4. Non-Correlated Subqueries

What does GROUP BY 1,2,3 do?
Does the order of 1,2,3 matter?

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https://www.codecademy.com/en/courses/sql-table-transformation/lessons/subqueries/exercises/non-correlated-iii?action=resume

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Yes!
I’ll answer you with an example.

So, in a query:

select id, location, distance, count(1)
from TABLE
group by 1,2,3;

the reference of the numbers (1,2,3) is exactly what you put in 1 line of query, so,
1 = id
2 = location
3 = distance.

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This query:

1. SELECT a.dep_month,
2.        a.dep_day_of_week,
3.        AVG(a.flight_count) AS average_flights
4.   FROM (
5.         SELECT dep_month,
6.               dep_day_of_week,
7.                dep_date,
8.                COUNT(*) AS flight_count
9.           FROM flights
10.          GROUP BY 1,2,3
11.        ) a
12.  GROUP BY 1,2
13.  ORDER BY 1,2;

is the same as

1. SELECT a.dep_month,
2.        a.dep_day_of_week,
3.        AVG(a.flight_count) AS average_flights
4.   FROM (
5.         SELECT dep_month,
6.               dep_day_of_week,
7.                dep_date,
8.                COUNT(*) AS flight_count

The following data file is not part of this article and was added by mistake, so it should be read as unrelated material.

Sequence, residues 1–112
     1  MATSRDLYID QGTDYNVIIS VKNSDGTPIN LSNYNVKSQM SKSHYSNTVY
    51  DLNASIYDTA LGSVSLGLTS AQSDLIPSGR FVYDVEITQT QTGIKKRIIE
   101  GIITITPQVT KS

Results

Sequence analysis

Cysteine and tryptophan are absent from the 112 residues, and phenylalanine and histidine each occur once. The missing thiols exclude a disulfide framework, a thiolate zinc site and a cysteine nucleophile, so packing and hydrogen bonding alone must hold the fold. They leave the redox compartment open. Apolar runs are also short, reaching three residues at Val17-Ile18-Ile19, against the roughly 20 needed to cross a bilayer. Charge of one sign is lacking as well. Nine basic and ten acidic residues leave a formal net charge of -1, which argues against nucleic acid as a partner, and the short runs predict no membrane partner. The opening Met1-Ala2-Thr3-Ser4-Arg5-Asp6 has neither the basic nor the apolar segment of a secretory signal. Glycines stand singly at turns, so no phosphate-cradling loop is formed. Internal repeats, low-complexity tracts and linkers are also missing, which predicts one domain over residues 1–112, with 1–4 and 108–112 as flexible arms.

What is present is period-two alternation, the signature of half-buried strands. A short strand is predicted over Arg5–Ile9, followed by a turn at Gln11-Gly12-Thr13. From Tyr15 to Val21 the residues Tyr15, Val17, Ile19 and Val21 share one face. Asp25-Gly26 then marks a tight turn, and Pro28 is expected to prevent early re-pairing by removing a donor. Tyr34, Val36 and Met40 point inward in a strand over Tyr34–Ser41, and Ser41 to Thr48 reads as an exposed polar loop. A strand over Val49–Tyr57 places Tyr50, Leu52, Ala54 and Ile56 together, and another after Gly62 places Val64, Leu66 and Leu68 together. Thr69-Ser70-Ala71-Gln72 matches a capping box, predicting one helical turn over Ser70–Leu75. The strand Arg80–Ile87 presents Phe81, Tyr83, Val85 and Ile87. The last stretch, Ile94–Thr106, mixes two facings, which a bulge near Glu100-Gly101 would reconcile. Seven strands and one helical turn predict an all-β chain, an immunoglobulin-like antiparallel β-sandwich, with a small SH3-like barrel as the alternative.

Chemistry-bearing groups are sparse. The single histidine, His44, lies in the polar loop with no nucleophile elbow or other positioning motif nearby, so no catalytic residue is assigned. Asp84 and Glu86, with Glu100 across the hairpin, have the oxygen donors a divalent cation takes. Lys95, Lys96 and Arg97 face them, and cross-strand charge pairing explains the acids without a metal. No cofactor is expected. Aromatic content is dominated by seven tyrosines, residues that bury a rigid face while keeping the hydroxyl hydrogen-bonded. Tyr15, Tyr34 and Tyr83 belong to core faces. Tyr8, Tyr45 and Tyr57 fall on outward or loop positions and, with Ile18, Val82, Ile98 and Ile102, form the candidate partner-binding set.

9.           FROM flights
10.          GROUP BY dep_month,dep_day_of_week,dep_date
11.        ) a
12.  GROUP BY a.dep_month,a.dep_day_of_week
13.  ORDER BY a.dep_month,a.dep_day_of_week;
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Thank you @lineavila for the simple, yet very effective explanation. The previous courses never taught this. Your explanation makes perfect sense to me.

Just one more question if I may. Why the use of a. ? Can we use any letter we want instead of the a. Could we use for example b.dep_month?

1 Like

You’re welcome! :smile:
the a is because we put a alias in clause FROM (line 11 in the last example).
A more simple example is:

SELECT a.dep_month, a.dep_day_of_week
FROM flights a;

So, when we put any char/word in front of the name of the table we are putting a ALIAS for that table.
It is more used when we call two or more tables in the same query.
For example:

SELECT a.id, a.dep_month, b.id, b.distance
FROM flights a, airports b;

So, the table flights has a alias ‘a’ and the table airports has the alias ‘b’. Whe can put any char or word. And when we put a alias followed by the point, followed by the name of the column we are saying that column is from that table. So, in a.id we’re saying ‘it’s the id from the table a (flights)’.

I hope I was helpfull and sorry for my English :slight_smile:

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@lineavila Thanks again. You’re english is perfect. :smiley:

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